Versión en español aquí.
digital media entrepreneurs who are struggling to survive can take some inspiration from the
story of Q*, an independent newspaper publisher in a country of the former
Soviet Union. (* Name withheld to protect him from further government repression.)
In 1990, Q was among many journalists who founded newspapers independent of the official media. The scent of freedom was in the air after the liberation from the Soviet Union.But
as time went on these newspapers also became uncomfortable with the
successor government, which despite providing certain freedoms remained
an authoritarian regime.
Financial PressureAs these newspapers became more critical, the government put the squeeze on them through a series of tactics, including banning newspapers like Q’s from the government-controlled newsstands. Local authorities also pressured private stores not to sell the papers. The circulation of Q’s newspaper has fallen from 12,000 three years ago to 5,000 today.
I spent two days with Q and his team during three weeks of working with publishers in that country. Q’s newspaper and website did not
hesitate to criticize the regime or write about the faults of the authorities in their farming community.
In the latest move, the government
has stopped selling newsprint to these independent papers, forcing them to but it from foreign countries at up to 50 more than the government media have to pay. Partly because of tactics like these, only one third of the independent newspapers survive.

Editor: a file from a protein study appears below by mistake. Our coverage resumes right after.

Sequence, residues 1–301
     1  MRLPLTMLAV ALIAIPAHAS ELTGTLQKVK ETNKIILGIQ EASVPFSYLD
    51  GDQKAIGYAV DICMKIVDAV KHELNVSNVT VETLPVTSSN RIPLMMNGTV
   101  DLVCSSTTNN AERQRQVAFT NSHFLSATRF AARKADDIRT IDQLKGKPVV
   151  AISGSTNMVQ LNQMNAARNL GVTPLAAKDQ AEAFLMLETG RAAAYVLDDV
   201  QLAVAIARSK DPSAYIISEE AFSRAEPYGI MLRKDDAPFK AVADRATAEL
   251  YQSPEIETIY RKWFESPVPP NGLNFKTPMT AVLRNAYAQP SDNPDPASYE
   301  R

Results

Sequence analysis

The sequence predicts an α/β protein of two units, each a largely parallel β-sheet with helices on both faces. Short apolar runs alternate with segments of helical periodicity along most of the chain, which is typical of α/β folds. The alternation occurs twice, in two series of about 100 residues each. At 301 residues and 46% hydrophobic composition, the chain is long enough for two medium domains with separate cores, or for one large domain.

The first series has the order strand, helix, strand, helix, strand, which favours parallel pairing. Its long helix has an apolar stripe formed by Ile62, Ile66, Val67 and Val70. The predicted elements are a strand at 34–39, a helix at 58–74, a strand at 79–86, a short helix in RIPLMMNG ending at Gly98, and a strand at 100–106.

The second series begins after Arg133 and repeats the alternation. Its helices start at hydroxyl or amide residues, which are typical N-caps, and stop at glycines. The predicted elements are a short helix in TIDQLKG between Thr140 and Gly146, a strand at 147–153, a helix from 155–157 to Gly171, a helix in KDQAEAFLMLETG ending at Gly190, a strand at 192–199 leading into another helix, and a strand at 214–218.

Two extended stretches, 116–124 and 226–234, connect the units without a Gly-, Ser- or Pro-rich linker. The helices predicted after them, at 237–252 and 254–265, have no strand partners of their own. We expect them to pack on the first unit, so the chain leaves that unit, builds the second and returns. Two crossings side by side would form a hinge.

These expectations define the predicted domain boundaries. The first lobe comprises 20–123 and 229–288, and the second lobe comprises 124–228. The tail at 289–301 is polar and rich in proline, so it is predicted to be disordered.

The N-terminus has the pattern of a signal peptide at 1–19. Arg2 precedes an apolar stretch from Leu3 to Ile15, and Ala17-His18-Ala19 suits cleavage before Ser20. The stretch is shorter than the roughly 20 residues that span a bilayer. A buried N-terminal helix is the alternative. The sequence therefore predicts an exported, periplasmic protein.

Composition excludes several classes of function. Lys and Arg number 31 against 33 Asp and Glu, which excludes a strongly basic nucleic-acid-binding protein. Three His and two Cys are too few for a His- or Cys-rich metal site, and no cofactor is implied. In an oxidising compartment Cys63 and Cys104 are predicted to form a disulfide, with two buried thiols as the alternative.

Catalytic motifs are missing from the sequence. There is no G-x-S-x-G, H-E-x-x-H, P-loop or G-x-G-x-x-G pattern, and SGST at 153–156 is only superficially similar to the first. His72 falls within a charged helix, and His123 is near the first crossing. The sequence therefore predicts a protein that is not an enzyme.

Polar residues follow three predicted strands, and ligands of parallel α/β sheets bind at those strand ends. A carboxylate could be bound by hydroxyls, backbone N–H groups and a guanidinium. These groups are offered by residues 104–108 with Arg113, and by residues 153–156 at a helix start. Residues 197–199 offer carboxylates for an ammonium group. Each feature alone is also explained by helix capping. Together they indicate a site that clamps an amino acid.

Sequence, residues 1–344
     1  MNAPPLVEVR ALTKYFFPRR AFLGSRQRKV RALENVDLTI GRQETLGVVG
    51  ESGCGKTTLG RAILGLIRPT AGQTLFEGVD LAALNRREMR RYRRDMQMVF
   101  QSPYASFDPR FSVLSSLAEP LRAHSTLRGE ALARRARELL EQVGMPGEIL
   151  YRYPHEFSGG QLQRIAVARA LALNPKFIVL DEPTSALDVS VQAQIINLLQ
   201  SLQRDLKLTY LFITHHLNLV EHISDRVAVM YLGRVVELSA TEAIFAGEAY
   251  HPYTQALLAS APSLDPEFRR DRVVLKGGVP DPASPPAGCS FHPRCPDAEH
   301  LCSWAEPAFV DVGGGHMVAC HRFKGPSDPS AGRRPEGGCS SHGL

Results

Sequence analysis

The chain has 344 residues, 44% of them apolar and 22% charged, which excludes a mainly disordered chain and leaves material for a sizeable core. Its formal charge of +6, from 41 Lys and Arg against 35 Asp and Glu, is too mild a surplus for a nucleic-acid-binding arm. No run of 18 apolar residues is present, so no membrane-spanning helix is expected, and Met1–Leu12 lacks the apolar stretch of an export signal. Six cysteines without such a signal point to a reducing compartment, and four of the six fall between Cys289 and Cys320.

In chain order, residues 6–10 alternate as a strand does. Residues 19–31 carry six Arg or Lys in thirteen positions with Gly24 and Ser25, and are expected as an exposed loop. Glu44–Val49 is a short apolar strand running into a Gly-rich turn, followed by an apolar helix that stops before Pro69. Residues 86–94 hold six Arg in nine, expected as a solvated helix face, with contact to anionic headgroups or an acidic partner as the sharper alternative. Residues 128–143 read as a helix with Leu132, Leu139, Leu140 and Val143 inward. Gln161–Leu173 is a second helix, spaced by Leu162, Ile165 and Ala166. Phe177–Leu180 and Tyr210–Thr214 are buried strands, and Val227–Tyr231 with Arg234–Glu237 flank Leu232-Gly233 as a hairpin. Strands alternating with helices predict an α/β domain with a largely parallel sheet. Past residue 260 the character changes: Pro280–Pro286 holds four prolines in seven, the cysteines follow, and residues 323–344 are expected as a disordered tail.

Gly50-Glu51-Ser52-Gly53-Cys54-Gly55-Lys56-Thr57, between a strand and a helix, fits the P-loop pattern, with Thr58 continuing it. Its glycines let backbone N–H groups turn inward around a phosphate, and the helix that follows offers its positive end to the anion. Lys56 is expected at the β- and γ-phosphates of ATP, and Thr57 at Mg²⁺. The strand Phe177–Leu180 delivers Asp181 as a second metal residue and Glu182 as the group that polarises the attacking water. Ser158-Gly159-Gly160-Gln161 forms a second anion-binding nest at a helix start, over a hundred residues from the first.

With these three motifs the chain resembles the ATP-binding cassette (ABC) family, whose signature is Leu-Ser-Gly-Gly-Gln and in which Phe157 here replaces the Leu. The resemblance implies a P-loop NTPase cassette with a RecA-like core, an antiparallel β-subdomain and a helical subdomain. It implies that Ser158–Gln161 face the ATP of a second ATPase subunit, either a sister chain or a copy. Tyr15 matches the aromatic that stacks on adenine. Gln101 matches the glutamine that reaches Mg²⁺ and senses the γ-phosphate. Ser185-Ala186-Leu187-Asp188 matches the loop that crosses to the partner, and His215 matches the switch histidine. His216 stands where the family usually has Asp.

Evicted, he offers cup of tea
Three years ago, the
government enterprise that owned the building that housed his newspaper offices told him he had to leave the space in a month. No one would rent Q another space, even his friends, for fear of repercussions from the authorities.
His reporters worked from home. While Q scrambled to keep publishing. He rented a booth at a public market on the outskirts of town to sell copies of the newspaper as well as advertising.Eventually he decided to buy a house and convert it into a newspaper office, though he does not have the required building and zoning permits.
The space is partly occupied and partly under construction. When neighbors ask about the large number of people coming and going, Q explains that he has
many friends who come every day to share a cup of tea.A batallion of granniesThe other big problem facing Q is distribution. Banned from kiosks, he asked the authorities for permission to sell the paper from some street locations. The request was denied.He asked his friends with shops to sell the paper. They declined and apologized. They fear repercussions from the authorities.
Q decided to turn to a great retailing tradition of his country, older women on pensions, affectionately referred to as "grannies," who supplement their income by selling items on the street. Grannies occupy a special place in society. People respect them and therefore they have a certain invulnerability. Even the secret police hesitate to mess with them. Q distributes almost 60% of copies every week through grannies, a percentage that is high even among independent newspapers. He also created a network of couriers to distribute the paper. Q never gives up. He is always looking for ways to distribute the newspaper and get around marketing restrictions. I really admire him and his fellow publishers. They embody the resilience, commitment and creativity of true entrepreneurs.